In just one day, the heart of an average healthy adult beats for more than 100,000 times.
The beating of the heart keeps on going even while we sleep, but goes largely unseen. With the use of the Apple Watch, what happens inside our bodies, particularly our apparently invisible heart, now becomes visible. Equipped with heart health features – including high and low heart notifications, irregular rhythm notifications, Cardio Fitness, AFib History, and the ECG app – Apple enables users to have an ever-developing view of their health with actionable insights.
The exact same advanced technology that provides insights to help people understand their health better also has the capability of opening the door to discovery for the research and medical fields. Ever since Apple launched its ResearchKit and CareKit back in 2015, developers, clinicians and researchers have found new and innovative ways to study, track and ultimately treat a wide range of health conditions.
In an effort to further push new discoveries that aim to improve health significantly, Apple launched the Investigator Support Program. In this program, the tech giant provides select researchers with Apple Watch devices, which enables them to break new ground in health research, including the scientific understanding of the heart.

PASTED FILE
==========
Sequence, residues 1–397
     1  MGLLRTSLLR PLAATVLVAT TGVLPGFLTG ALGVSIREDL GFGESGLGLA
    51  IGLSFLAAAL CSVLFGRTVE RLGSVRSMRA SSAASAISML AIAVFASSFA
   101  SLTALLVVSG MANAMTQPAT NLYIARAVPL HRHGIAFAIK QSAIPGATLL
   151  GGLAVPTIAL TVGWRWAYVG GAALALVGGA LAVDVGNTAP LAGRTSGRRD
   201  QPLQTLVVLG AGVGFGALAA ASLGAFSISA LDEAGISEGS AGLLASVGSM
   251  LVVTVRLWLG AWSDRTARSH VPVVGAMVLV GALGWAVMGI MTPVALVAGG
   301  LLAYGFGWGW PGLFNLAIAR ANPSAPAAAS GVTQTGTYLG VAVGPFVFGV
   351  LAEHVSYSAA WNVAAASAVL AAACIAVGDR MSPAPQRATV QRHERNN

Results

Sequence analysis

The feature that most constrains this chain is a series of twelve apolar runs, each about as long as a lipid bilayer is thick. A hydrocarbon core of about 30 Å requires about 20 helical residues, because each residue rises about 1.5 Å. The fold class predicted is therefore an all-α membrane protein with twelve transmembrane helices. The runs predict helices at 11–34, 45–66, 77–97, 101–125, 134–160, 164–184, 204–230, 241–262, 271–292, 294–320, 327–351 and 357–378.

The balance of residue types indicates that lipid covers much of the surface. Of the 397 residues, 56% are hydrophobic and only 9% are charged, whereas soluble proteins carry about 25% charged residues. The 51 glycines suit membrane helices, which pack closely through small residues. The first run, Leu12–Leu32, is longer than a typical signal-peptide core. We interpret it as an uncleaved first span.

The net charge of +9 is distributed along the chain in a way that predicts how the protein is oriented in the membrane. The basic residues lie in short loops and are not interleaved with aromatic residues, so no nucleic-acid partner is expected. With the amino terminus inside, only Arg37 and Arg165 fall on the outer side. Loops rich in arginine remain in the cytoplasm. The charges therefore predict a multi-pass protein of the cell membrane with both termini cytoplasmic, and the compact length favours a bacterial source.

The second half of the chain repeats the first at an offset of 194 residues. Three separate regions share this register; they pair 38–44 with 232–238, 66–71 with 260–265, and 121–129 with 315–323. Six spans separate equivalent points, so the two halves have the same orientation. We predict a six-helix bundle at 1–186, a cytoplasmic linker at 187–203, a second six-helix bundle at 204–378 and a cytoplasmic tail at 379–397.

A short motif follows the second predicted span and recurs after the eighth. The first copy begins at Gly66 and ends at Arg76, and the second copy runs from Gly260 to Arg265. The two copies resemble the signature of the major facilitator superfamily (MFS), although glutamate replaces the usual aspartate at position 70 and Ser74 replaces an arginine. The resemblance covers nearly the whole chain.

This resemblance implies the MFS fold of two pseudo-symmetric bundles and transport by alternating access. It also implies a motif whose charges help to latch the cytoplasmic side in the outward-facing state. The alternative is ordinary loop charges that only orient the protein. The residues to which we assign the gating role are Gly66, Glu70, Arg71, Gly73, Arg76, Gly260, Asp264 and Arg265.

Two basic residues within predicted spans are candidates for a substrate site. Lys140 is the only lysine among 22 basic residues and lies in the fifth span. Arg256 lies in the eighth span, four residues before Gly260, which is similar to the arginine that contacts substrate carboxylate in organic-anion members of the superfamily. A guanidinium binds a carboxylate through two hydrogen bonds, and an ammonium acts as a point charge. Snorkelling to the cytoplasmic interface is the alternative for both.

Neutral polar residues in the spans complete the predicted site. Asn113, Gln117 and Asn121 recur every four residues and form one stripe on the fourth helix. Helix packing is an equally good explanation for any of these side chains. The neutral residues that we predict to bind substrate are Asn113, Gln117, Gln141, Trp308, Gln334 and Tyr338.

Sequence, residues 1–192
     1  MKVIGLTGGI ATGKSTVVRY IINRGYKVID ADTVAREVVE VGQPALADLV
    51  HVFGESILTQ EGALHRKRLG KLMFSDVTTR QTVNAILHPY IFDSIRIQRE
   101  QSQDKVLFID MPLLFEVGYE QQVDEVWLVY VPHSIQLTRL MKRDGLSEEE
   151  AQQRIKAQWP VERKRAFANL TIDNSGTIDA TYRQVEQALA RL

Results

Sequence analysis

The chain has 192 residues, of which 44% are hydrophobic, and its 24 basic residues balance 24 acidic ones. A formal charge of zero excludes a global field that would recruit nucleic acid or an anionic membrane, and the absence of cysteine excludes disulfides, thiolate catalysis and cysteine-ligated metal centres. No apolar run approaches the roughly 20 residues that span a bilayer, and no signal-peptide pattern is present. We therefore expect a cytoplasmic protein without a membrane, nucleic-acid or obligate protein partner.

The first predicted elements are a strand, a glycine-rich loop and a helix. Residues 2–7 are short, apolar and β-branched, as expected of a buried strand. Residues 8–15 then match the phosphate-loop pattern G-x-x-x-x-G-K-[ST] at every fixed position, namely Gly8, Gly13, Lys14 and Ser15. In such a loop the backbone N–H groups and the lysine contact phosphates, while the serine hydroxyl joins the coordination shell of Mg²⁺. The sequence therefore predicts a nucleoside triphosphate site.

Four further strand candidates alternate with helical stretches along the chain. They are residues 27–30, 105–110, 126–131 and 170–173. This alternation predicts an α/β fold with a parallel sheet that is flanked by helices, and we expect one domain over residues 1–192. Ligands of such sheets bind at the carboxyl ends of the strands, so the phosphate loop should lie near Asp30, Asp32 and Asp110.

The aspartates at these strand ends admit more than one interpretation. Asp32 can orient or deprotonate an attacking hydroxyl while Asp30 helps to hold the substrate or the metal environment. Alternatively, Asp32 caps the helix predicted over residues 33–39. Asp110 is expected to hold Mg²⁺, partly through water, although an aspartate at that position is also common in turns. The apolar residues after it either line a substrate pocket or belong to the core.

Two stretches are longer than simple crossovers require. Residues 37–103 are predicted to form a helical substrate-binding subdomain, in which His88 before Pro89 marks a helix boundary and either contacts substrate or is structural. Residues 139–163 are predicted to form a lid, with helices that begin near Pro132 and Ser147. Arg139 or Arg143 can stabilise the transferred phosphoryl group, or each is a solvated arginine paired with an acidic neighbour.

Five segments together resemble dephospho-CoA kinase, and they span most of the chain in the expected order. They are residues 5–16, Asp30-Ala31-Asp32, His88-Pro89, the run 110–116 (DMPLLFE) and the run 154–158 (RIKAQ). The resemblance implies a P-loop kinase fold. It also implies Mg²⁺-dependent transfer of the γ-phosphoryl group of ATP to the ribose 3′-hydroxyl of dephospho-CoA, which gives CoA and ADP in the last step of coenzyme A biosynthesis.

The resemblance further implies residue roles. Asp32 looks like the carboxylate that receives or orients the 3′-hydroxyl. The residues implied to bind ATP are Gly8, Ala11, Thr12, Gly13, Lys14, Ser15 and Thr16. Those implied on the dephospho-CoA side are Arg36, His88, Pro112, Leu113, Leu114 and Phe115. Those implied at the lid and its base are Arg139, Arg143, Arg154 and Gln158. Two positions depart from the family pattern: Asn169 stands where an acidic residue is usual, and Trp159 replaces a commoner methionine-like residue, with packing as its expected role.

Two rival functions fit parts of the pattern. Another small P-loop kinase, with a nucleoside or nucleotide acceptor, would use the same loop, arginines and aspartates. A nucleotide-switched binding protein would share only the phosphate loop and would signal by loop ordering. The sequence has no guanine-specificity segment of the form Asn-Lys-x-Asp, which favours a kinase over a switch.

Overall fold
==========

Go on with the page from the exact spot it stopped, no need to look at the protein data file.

Apple has highlighted some of the cutting-edge work of health researchers from all over the world who are using Apple Watch to study the heart in ways like never before.
For instance, pediatric oncologists from Australia plan to start researching the sensitivity of the Apple Watch ECG app in 40 children and adolescent patients.
Senior pediatric oncologist Dr. Rachel Conyers says, “From there, the team will look for ways for patients to take their ECGs wherever they are, whenever they’re able. With those insights, the team hopes to better understand the reality of cardiac toxicity and identify potential opportunities for intervention.”
Other applications for the use of Apple Watch when it comes to monitoring heart health include the impact of wildfire smoke on cardiac health in firefighters in California. Meanwhile in Europe, researchers are exploring ways to be able to detect atrial fibrillation (AFib) earlier.